Monday, December 16, 2013

Its a Memorial Science and History Museum of The Galileo, Father of Modern Science.

The Istituto e Museo di Storia della Scienza in Florence is one of the foremost international institutions in the history of science. An important museum housing unique historical collections of scientific instruments is joined together a renowned research institute.

Founded in 1927, the Museum is heir to a five century-long tradition of scientific collecting, which has its origins in the central importance assigned to scientists and scientific instruments by the Medici and Lorraine families. The Institute has been continuously involved in research into topics connected with the history of science and technology as well as the history of scientific instruments, collections and museums. In the last twenty years it has also published a biannual journal on the History of Science, Nuncius. Annali di Storia della Scienza.

Rev: "It is an incredible "history" of science. The maps are extremely alluring. There is one map in particular that will surely stun you. It is the map of the known world, back when it was flat and considered to be one piece of earth (not the continents as we now know). Interactivity and kid friendly (with video demonstrations along the way). I really enjoyed the astrolab collections."
The Institute publishes also Galilaeana, a journal entirely devoted to Galileo studies, and numerous specialized publications. It has organized a number of international workshops and conferences, promoted innovative research, held specialized courses for young researchers and conceived and produced an outstanding series of exhibitions, presented in the most important cities in the world. In the Spring of 2010, the renovated Istituto e Museo di Storia della Scienza will re-open under the name of Museo Galileo. Istituto di Storia della Scienza. This name has been chosen not only for the Tuscan scientist’s central role in founding modern science but also because the Florentine institution is home to Galileo’s only original instruments that have survived.

Rev: "Took the train down from Venice, and this museum was the highlight. Small museum, compared with the Uffuzi next door. One can only take looking at paintings for so long, even my wife enjoyed this museum. A collection of antique bicycles in the lower level to Galileo's telescopes (and fingers) in the upper levels, brings one to understand the brilliant minds or the Renaissance. Unbelievably complex devices that one would have a hard time making, even today. The are some hands on devices to demonstrate various physics principles. We loved it."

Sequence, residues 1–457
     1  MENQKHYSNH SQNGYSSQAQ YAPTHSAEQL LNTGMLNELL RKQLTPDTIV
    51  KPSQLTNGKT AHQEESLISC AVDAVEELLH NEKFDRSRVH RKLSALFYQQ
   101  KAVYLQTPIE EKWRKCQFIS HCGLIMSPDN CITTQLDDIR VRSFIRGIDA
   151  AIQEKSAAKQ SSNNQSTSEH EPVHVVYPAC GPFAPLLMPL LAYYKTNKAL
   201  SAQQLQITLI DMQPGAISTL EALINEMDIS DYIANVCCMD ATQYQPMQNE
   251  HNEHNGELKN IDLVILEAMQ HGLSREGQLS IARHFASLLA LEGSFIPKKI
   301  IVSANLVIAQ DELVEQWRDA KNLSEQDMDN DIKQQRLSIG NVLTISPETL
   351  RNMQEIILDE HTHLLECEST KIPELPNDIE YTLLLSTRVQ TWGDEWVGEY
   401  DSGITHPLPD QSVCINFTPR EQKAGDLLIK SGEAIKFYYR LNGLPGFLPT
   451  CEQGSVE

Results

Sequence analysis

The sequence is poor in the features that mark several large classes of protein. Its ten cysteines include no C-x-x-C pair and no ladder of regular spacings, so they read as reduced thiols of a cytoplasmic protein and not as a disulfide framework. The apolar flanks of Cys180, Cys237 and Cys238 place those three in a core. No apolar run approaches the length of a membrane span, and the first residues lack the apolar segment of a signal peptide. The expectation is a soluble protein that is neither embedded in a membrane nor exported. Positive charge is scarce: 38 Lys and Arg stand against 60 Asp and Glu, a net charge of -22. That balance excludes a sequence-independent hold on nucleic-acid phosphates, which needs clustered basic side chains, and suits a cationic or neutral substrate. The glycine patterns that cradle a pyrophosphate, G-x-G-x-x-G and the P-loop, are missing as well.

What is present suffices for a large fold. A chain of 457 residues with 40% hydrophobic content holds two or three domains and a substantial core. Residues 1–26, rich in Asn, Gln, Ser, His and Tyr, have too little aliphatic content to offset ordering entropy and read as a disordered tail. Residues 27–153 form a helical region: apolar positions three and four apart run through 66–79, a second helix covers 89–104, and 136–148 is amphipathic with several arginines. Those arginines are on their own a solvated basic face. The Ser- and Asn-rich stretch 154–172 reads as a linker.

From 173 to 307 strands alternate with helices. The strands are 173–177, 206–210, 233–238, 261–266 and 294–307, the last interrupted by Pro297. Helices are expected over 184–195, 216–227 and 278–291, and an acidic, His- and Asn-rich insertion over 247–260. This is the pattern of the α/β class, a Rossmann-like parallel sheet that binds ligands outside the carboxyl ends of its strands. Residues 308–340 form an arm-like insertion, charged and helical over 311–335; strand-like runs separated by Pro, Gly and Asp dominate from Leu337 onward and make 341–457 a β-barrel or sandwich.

The new permanent exhibition, starting from a radical transformation of the premises now fully equipped with the most advanced facilities, will be characterized by the use of information technology that will allow visitors an in-depth exploration of the museum’s treasures. Information system resources will be available to the public on dedicated stations as well as on portable audio-visual devices especially designed for this purpose. This final intervention will complete the renovation works launched in the early 1990s and designed to transform the Florentine Institution into an advanced research centre which promotes publications, journals and exhibitions, is equipped with a specialized library rich in antique and rare books, modern editions and digital resources, a multimedia department devoted to the exploitation of the museum collections, as well as an iconographic archive and a restoration workshop. Extensive educational activities are also offered.

Rev: "As a lover of all things pertaining to navigation, maps, globes and inventions, this museum was GREAT! It was a pleasant departure from the art museums (great as they are), focusing on Galileo's and Florence's prominence as the center for invention and exploration during and after Galileo's time and adeptly covering the history of science, in general. Don't miss it!"
Upon completion of the new permanent exhibition, all museum communication tools will be updated, including catalogues, short guides, DVD and online multimedia catalogues. Innovative educational programs will also be developed. The new exhibition will highlight the outstanding phenomenon of scientific collecting by the Medici and Lorraine families. The Medicean collection will be displayed on the first floor. Special sections will be devoted to astronomy, cartography and globes, nautical, military and surveying instruments, as well as to the instruments of Galileo, the Galilean school and the Accademia del Cimento.

Rev: "A great collection of original scientific instruments, covering a wide range of interests but particularly for those interested in physics, astronomy and navigation. A lot to see but made more accessible through some very good video displays that explain how specific exhibits were used. A small hands-on section at the end gives kids the chance to try out some of concepts. Much better value-for-money than the Leonardo Da Vinci museum which is very hands-on but small. I would recommend the Museo Galileo for older students and for those interested in the history of physics, and the LDV for younger children."